In U.P, no customer rush at banks on 1st day of ₹2,000 note exchange
While some banks asked customers to fill out a form, others told people to use the cash deposit machine.
LUCKNOW/PRAYAGRAJ/AGRA/KANPUR Reserve Bank of India’s announcement to take ₹2,000 notes out of circulation had triggered speculations of a demonetisation-like situation when a beeline of customers had to wait outside banks to get currency notes exchanged. Thankfully, no such rush was witnessed at any bank branch across the state.
Most of the banks recorded a meagre turnout and the exchange process went on smoothly at a majority of the branches. However, there was some confusion regarding the procedure for the note exchange. While some banks asked customers to fill out a form, others told people to use the cash deposit machine. Here is how the procedure was carried out in the major cities of the state:-
In the state capital, things went on swiftly at almost all bank branches. Only the ICICI Bank branches could not start with the exchange as planned due to a server error. However, not many turned up on Day 1 allotted to exchange ₹2,000 notes.
Saurav Singh, cashier at HDFC’s Hazratganj branch, said, “We have three cashiers on duty here. I only attended to four people who had come to exchange their notes. They also had just a couple of notes, nowhere close to the maximum limit.”
Echoing a similar observation, Sushant Rawat, manager of the Hazratganj branch of Punjab National Bank, said, “It is a very simple and swift process. One can exchange up to Rs. 20,000, beyond which, if they have an account with us, they can deposit the amount and withdraw in different denominations later. We only attended to about 10 customers on Tuesday. None of them had notes beyond the set limit.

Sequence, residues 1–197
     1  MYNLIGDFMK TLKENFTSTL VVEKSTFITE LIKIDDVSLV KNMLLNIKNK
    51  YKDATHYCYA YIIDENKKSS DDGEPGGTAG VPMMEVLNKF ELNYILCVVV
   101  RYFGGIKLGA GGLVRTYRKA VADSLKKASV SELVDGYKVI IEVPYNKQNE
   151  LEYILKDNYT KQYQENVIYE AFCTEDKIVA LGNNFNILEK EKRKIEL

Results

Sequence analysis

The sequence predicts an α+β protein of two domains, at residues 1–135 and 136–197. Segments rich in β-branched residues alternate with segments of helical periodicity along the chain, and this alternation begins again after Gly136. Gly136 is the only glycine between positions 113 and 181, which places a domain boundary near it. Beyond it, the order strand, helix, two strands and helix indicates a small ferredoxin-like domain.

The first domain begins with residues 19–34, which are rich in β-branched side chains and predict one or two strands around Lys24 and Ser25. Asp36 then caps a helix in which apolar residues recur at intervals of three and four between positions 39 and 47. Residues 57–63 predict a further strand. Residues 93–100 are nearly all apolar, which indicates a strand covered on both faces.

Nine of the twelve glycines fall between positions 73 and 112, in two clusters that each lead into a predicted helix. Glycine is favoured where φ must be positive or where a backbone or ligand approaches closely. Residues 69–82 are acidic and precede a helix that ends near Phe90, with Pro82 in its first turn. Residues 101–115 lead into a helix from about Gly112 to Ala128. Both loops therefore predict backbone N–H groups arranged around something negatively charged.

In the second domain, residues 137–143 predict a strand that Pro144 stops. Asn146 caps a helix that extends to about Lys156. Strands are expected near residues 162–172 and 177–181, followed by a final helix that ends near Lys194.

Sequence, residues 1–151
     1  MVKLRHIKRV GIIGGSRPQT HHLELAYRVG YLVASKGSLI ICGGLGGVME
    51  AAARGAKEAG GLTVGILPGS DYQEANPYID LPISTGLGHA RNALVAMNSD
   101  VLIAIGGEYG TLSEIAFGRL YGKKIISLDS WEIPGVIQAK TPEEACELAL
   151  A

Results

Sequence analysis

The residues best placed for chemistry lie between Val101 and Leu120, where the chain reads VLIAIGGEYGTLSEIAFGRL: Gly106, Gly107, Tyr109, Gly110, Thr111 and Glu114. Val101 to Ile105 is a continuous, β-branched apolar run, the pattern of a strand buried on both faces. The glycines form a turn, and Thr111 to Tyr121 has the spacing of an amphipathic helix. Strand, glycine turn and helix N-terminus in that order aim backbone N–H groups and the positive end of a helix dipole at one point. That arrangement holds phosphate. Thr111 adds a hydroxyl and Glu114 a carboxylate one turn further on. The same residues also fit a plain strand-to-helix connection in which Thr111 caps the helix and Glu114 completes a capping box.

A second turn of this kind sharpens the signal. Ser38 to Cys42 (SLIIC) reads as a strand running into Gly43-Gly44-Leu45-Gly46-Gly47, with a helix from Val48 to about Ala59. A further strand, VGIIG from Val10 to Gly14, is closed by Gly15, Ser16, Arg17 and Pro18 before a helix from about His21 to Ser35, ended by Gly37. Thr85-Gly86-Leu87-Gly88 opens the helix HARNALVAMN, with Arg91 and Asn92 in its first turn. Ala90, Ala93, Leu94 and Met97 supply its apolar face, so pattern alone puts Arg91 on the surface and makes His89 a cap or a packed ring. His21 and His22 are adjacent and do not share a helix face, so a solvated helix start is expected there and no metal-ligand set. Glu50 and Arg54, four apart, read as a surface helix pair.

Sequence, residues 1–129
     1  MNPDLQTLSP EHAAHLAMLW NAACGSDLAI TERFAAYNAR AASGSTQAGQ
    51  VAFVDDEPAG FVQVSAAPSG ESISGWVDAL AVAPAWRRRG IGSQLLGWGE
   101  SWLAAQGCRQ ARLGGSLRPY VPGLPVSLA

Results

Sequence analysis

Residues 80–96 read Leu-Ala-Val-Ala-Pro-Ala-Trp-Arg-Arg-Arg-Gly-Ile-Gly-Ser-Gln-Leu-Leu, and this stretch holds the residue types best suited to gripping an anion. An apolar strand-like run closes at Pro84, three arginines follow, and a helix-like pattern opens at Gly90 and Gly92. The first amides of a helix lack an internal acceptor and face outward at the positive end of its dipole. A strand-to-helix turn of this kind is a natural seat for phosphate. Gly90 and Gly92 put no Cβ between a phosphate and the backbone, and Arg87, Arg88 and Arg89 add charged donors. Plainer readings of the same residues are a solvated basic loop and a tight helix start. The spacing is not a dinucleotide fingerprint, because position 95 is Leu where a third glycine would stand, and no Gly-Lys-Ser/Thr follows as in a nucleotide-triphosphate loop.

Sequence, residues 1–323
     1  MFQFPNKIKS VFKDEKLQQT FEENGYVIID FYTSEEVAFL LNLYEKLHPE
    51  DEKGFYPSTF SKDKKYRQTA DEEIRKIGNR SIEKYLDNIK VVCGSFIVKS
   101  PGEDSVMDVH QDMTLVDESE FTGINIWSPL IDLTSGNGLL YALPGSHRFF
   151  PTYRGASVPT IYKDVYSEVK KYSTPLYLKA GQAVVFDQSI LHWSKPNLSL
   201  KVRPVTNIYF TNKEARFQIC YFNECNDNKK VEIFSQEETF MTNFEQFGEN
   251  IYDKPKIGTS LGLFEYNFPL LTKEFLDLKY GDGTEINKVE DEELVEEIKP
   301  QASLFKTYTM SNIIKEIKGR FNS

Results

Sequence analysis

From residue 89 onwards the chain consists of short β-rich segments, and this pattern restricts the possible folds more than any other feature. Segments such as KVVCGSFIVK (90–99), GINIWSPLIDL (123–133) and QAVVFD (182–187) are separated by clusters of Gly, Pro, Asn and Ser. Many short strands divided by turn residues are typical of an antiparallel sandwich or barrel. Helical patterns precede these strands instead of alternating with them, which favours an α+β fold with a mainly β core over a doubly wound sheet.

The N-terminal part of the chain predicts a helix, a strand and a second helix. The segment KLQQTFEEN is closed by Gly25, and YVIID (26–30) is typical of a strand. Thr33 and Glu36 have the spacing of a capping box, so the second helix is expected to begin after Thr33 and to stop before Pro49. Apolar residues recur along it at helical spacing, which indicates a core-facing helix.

Shweta Singh at Axis Bank, branch relationship officer, and Suman G Jha, chief manager at the Hazratganj branch of the State Bank of India, also shared a similar experience.
Banks in the city did not witness a rush of customers to exchange ₹2,000 currency notes on Tuesday. While no chaos or anxiety was witnessed among bank customers, several of them were confused over the ID card required to make the exchange at the bank. Customers added that different banks followed different procedures for the exchange.
“I went to one of the branches of a prominent nationalised bank in Govindpur. They had no separate counter for people wanting to exchange ₹2,000 notes. The officials present said that I will have to fill up a form and submit a photocopy of a valid identity card but the exchange would be possible only after two days when they get further clarification. For now, I could deposit the notes in my account using the cash deposit machine,” said Ram Lal Maurya, a resident of Shivkuti.
When compared with public sector undertakings, private banks appeared more organised and ready to make the exchange. HDFC’s Civil Lines Branch set up two separate counters to allow non-account holders to exchange notes as per RBI norms. Abhishek Singh, the branch manager of HDFC bank, Civil Lines, said that no rush was seen during the entire day and just 20 people availed of the exchange facility at his branch.
In the Taj city, bank officials felt customers are resorting to a ‘wait and watch’ strategy given the low turnout of customers coming in to get the exchange done. “Banks are fully prepared for the exchange and deposit according to the wish of a customer. Our preparedness has been checked by senior bank officials. However, there was no rush on the first day of the exchange,” said the branch manager of a nationalised bank.
Meanwhile, Dr Preetinder Singh, commissioner, Agra division, in a video message, said, “In view of Tuesday being the first day of exchange or deposit, local police officials interacted with branch managers and officials at banks and assured them of deployment of cops if required. The police force is prepared to meet any situation, if the number of those coming to exchange increases in days ahead.”
In Kanpur too, banks witnessed a marginal turnout of people wishing to exchange ₹2,000 notes. However, several city residents were reported to pay for fuel in bills of ₹2,000. “We are largely getting ₹2,000 notes at the pumps. The petrol pump I own received 15 times more ₹2,000 notes than it used to during normal days,” said Mohd Anwar, who owns a pump near the Bada Chauraha.
In the wake of the ongoing note exchange procedure, banks have been asked to ensure that their CCTVs are functional. Also, banks have issued a circular to issue tokens in case there is a surge of people turning up to get their ₹2,000 notes exchanged.